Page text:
Protein also drops by an average of 6-8 % depending upon the crop. In the scheme of things, you may be wondering if 8% really means that much. However, if the majority of your nutrients come from one source like rice, and you’re just barely getting enough nutrients to begin with – it could make a huge difference for overall world health. The National Institute of Health estimates rice is a staple for over half of the world’s population, and many people subsist on it. Rice is already a poor source of vitamins and minerals – and what if over the next few decades its nutrient content becomes even less?
“Studies focused on rice also showed decreases in B vitamins of 17-30%. Such decreases would have profound implications, given the millions of people already on marginal diets,” says the authors of Our Changing Menu.
The Environmental Protection Agency (EPA) states on its website, “Rising global average temperature is associated with widespread changes in weather patterns. Scientific studies indicate that extreme weather events, such as heat waves and large storms, are likely to become more frequent or more intense with human-induced climate change.” It then goes on to explain climate change indicators, such as U.S. and global temperatures, heat waves, and heavy precipitation, and then explains each climate change indicator and what it means.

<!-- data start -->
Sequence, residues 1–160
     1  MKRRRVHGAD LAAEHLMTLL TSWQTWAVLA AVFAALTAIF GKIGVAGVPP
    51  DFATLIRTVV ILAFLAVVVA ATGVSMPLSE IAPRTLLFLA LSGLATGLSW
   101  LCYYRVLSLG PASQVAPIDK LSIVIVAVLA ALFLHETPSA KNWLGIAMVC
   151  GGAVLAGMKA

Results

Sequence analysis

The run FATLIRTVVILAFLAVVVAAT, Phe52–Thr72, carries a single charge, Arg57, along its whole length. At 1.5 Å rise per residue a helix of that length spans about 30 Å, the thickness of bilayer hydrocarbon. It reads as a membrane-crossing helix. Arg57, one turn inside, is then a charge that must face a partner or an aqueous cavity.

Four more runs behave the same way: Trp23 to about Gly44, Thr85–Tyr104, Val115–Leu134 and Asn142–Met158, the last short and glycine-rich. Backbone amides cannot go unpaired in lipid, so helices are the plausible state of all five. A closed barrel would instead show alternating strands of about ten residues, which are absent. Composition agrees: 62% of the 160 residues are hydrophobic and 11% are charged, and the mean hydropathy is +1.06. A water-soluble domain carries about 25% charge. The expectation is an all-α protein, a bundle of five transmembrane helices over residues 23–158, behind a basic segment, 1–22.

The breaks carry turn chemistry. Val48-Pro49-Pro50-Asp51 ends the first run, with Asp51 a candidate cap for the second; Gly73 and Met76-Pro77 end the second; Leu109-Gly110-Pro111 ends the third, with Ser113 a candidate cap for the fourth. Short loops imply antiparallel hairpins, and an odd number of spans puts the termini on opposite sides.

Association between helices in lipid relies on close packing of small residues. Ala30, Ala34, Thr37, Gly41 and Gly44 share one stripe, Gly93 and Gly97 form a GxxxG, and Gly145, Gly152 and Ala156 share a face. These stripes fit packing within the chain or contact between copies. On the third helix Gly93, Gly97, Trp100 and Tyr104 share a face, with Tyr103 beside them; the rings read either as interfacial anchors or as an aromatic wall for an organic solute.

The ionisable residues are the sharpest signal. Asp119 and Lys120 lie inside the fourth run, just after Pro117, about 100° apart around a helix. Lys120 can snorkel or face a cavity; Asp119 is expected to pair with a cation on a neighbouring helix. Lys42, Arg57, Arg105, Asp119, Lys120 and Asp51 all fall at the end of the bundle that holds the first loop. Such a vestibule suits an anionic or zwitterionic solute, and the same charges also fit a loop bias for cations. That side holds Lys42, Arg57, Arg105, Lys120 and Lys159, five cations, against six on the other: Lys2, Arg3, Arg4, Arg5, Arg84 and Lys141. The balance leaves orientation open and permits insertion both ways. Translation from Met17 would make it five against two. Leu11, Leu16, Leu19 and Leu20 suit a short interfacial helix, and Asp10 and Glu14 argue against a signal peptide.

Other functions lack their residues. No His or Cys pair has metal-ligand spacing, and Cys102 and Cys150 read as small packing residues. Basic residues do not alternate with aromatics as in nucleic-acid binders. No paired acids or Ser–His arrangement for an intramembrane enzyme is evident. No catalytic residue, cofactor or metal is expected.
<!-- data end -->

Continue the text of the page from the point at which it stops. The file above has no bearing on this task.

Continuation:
An uptick of severe weather events affects our crop yields, and destructive weather patterns have been a running theme for the last 20 years or so. According to data collected by the Environmental Working Group, crop losses from climate crisis cost billions of dollars in insurance payouts. Indemnities for drought have gone up 400% in the past 25 years. Excess moisture indemnities have gone up 300% in the past 25 years. As droughts and floods increase, crop loss does as well.
Planting zones are the standard by which gardeners and farmers can determine which plants are most likely to thrive in a certain location. The USDA planting zones map was redone in 2012 to reflect zone changes from 1990 based on climate data. The Arbor Day Foundation has created an animated map to show the change in zones during this time period. As planting zones change, it reflects the environmental compatibility of certain plants within the area in which you live.